But you’ll make new friends for life, too, and these friendships will start budding early on. You don’t realize that some of the people you wandered campus aimlessly with those first few weeks will become friends you cry with at graduation.

So give it three months and everything will be okay. I can tell you all major life changes will take about this amount of time to adjust to. The only way to overcome homesickness is to endure it – but I know that’s not what you want to hear.

Sara, you were a perfectionist even before coming to Notre Dame, but college will exponentially pronounce that aspect of your personality. While it will help you succeed academically, I want you to be aware of its pitfalls.

Papers can only be perfected to a point. As an English major you’ll write so many of them but there’s no use getting frantic every time one’s due, skipping lunch with friends to rework a single sentence. Try to finish papers earlier so your days feel less crazed. I know that’s easier said than done.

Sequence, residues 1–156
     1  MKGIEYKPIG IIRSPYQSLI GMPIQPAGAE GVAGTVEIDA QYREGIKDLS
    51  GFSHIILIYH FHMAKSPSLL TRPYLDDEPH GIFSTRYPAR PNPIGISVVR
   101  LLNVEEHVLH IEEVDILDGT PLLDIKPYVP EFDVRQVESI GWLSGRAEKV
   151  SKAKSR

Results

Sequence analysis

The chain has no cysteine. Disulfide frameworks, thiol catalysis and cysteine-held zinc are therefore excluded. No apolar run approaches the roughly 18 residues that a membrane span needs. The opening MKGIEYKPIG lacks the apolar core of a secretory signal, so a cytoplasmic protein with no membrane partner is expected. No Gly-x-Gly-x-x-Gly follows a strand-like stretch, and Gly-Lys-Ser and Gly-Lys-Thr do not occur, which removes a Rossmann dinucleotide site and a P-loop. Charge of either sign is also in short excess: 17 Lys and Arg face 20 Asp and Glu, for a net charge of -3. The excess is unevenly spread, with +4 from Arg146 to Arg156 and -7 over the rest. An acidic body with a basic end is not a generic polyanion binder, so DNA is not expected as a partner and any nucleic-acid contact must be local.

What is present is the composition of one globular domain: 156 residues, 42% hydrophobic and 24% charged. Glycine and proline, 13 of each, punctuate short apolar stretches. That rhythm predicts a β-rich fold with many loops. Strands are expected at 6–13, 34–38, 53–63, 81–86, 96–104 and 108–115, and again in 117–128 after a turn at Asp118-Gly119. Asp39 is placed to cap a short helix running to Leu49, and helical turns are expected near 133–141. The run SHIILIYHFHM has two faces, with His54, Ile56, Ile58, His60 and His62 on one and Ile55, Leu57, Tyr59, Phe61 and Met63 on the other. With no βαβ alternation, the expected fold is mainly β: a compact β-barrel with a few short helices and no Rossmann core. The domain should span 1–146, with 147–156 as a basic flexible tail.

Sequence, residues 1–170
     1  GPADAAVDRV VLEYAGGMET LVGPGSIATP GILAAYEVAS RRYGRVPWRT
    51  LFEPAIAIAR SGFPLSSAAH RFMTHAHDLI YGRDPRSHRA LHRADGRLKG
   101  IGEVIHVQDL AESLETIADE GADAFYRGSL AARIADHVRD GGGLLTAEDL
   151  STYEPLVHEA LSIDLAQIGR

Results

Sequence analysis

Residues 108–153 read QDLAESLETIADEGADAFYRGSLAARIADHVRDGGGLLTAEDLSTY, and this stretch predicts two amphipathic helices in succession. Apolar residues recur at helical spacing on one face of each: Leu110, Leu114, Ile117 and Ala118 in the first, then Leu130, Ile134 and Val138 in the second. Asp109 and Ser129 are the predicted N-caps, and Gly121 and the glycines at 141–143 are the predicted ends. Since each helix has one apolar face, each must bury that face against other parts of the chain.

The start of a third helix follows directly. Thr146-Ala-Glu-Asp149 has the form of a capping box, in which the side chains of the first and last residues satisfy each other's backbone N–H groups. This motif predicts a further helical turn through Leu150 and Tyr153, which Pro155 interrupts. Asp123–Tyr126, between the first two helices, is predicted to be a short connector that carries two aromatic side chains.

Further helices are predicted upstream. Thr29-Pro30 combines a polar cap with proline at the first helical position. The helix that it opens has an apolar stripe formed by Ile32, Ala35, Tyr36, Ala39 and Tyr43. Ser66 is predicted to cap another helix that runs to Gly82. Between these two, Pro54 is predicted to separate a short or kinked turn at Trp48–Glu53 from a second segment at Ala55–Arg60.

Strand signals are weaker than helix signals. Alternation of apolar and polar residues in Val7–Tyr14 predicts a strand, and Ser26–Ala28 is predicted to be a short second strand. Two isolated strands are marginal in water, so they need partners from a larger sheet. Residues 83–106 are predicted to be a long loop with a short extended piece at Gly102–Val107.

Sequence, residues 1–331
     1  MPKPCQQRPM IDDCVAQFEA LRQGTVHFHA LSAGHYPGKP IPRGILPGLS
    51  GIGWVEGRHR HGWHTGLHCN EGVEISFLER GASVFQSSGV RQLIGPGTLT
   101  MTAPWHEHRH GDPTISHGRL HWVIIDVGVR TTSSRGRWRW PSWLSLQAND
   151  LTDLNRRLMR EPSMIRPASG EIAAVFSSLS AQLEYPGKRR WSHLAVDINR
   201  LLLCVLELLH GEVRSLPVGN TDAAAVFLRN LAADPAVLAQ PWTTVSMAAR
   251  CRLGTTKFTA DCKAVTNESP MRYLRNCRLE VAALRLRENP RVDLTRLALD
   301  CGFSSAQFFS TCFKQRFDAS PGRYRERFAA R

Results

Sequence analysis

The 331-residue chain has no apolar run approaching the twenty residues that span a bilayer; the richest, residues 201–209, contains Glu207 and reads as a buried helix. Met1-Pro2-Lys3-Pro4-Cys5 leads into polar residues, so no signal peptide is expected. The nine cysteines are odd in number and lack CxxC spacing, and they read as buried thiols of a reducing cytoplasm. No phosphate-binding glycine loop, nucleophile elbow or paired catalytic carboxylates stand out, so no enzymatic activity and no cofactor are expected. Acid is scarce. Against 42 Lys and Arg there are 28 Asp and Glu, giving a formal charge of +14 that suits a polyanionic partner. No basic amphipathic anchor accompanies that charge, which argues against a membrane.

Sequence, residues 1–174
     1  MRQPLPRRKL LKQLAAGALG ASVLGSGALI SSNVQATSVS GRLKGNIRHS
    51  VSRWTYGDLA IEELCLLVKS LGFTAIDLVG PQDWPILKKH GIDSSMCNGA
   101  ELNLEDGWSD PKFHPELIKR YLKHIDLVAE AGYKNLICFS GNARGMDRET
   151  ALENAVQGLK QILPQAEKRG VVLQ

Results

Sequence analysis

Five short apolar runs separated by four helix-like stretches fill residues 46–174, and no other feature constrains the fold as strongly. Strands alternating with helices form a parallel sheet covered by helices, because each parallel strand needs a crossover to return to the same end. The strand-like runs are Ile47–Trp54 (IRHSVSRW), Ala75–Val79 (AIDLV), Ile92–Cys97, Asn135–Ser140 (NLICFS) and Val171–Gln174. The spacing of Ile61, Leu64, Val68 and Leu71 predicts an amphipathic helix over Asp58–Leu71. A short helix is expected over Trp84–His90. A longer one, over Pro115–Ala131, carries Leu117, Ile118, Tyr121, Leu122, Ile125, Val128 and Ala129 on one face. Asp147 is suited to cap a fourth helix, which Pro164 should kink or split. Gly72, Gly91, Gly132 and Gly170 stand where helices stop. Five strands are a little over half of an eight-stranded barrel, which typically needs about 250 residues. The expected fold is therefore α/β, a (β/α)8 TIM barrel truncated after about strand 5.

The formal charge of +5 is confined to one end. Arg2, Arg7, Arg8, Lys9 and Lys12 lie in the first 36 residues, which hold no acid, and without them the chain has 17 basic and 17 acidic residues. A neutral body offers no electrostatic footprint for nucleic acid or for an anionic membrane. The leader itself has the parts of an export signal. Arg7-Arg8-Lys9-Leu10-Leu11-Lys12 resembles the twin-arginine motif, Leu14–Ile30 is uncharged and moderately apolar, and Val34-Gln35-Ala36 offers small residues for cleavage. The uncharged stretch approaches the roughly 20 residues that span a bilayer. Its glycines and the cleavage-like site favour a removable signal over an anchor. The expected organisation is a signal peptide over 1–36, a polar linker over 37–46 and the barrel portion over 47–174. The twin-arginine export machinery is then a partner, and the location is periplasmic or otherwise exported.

Of course, perfectionism also extends to body image, especially at a school like Notre Dame of people where 75% of students were varsity athletes. You are so terrified of gaining the freshman fifteen that you become hyper-conscious of everything you eat. It doesn’t help that many other girls hold the same fear, silently comparing plates at the dining hall and working out five times a week. You are healthy, active and young. Care less.

And try new things. That’s what college is for.

Sara, I’m proud of you for walking into The Observer office in the basement of South Dining Hall the third week of your freshman year. It won’t be easy stepping into an office full of strangers, but this small act will have the greatest impact on your college career. The Observer will help you dive into the larger Notre Dame and South Bend communities, and you’ll go on to become one of the leading editors as a senior.

Breaking out of your comfort zone is the best way to meet new people. Freshman year, do this as much as possible. Go to the dorm party even when your only acquaintance is the girl from Welsh Fam who sits next to you in Genetics class. Join a sports team even though you’re not very good at the sport. There are so many opportunities to get involved at Notre Dame and you never know the experiences you might have.